What lives a mile under the sea, has tentacles and fins and looks like a decapitated chicken? The headless chicken monster, of course. Yes, that is actually the name of a rare creature caught on film by researchers in the Southern Ocean. The “monster” — a sea cucumber that helps to filter organic matter on the ocean floor — has been caught on film only once before, last year in the Gulf of Mexico.
Unlike most sea cucumbers, the headless chicken monster has fins, which allow it to swim upward to escape predators. Discovering the animal near Antarctica could help scientists understand the species’ distribution, and how it might be affected by climate change. Scientists have “absolutely no idea” how many there are in the world’s oceans, said researcher Dirk Welsford. It’s “an amazing reflection of how little we know about the deep ocean.”
Surprising vortex keeps dandelions afloat
Come seed time, children can’t resist blowing on dandelions’ silvery tufted heads, sending the seeds 60 miles or more. But no one had figured out the details of that flight.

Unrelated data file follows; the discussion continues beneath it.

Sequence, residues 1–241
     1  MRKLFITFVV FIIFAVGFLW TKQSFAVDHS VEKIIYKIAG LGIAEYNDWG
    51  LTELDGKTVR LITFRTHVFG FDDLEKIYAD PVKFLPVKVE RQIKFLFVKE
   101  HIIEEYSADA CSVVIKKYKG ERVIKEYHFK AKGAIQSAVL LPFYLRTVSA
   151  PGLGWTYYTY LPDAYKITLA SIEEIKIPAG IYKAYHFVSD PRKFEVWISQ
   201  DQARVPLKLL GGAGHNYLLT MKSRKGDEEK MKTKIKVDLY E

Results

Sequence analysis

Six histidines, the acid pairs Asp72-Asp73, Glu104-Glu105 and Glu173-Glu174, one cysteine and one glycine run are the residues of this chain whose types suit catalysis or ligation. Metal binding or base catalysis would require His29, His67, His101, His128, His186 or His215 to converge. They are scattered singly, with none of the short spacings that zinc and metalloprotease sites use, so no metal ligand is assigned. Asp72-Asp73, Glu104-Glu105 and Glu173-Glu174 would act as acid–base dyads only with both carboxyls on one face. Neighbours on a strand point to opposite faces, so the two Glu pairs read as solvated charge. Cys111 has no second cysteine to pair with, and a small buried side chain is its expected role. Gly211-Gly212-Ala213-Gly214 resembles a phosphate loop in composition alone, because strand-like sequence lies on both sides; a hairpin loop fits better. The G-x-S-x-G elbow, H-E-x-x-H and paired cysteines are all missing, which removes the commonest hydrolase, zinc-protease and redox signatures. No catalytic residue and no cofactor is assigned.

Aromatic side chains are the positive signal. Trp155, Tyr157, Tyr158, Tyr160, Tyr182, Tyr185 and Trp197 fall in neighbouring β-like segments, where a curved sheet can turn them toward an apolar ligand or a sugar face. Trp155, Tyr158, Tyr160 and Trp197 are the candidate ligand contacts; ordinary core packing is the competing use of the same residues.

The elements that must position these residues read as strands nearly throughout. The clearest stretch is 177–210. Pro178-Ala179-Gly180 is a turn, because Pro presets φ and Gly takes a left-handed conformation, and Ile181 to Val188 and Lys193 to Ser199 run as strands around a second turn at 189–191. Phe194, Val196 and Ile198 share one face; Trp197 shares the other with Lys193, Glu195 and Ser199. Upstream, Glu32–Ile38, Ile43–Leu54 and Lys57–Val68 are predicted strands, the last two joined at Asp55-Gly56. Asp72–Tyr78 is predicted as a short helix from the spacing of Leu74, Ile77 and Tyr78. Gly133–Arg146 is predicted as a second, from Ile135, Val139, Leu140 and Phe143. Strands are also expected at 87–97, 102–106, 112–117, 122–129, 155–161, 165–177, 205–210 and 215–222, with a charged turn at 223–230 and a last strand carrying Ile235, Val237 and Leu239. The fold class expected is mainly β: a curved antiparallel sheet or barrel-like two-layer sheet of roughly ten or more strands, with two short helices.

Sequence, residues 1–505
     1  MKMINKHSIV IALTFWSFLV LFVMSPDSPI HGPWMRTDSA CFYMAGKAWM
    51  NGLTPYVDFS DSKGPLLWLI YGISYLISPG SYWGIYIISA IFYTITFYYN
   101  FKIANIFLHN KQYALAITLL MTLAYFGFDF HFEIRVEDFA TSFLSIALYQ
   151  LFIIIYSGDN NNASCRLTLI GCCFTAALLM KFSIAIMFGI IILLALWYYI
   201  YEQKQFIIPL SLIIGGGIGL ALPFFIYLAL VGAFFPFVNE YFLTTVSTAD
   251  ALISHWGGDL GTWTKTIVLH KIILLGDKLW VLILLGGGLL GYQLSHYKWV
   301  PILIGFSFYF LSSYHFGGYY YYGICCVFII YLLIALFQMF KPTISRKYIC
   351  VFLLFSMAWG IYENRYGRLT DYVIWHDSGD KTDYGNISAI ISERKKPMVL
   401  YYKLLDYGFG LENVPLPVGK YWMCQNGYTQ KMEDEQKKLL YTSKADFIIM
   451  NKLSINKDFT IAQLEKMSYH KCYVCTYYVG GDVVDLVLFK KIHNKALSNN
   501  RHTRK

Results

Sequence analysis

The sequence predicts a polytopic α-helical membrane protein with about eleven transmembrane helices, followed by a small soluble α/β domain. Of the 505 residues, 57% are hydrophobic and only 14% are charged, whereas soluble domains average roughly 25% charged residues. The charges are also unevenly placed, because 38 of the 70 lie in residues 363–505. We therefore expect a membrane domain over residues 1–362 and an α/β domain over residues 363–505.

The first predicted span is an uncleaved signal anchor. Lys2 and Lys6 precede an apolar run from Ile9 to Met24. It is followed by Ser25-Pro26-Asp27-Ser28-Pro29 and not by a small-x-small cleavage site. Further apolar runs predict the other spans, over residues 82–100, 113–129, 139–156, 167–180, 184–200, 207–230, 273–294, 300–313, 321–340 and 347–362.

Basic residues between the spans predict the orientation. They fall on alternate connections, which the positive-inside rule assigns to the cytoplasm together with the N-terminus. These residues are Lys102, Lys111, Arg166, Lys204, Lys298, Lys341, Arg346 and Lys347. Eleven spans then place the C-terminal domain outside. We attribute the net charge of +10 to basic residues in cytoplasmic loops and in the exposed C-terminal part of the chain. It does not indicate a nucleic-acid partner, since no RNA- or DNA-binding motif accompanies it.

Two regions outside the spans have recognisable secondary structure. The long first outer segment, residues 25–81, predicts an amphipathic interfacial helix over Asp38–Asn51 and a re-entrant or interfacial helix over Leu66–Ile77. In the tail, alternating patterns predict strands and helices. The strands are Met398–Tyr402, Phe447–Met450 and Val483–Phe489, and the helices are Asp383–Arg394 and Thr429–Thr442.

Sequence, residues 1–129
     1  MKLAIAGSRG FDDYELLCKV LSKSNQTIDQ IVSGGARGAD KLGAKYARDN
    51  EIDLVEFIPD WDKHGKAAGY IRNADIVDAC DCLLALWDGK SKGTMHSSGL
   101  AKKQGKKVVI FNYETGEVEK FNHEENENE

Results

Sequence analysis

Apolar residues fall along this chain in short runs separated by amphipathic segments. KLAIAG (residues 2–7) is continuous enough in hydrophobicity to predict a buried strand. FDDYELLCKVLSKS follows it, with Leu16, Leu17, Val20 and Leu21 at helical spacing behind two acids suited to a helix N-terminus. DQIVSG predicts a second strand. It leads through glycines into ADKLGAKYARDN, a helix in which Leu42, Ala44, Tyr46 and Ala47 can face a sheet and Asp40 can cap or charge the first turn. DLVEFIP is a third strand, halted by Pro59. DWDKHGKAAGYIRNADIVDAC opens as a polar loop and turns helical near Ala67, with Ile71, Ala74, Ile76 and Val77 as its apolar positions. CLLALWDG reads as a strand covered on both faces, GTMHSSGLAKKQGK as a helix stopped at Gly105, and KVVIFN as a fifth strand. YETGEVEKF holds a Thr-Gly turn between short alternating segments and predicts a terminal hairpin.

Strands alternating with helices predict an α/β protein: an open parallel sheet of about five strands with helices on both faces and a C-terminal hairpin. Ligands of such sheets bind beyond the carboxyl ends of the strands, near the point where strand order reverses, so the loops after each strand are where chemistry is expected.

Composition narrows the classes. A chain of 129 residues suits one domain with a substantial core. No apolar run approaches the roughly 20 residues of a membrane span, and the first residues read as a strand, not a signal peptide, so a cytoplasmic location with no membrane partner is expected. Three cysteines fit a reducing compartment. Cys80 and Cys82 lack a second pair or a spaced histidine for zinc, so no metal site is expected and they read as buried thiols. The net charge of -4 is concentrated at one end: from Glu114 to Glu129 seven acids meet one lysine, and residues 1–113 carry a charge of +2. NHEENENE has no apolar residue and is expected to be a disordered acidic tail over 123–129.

The scientists knew that the key was the tuft atop the stem called a pappus. It is made up of a sparse thicket of filaments that seemed to act like a balloon or a parachute. But researchers at the University of Edinburgh in Scotland discovered that above the pappus, the air flow took the form of a separated vortex ring, a kind of swirling eddy that had been considered a theoretical possibility, but was thought to be too unstable to exist in reality. It was, they wrote, “a new class of fluid behavior” — air being the fluid in this case. “The dandelion flies in such a way that it forms a vortex that contributes to keeping the dandelion afloat as long as possible,” Ignazio Maria Viola said. The filaments make the pappus four times as efficient at staying afloat as a simple flat disc.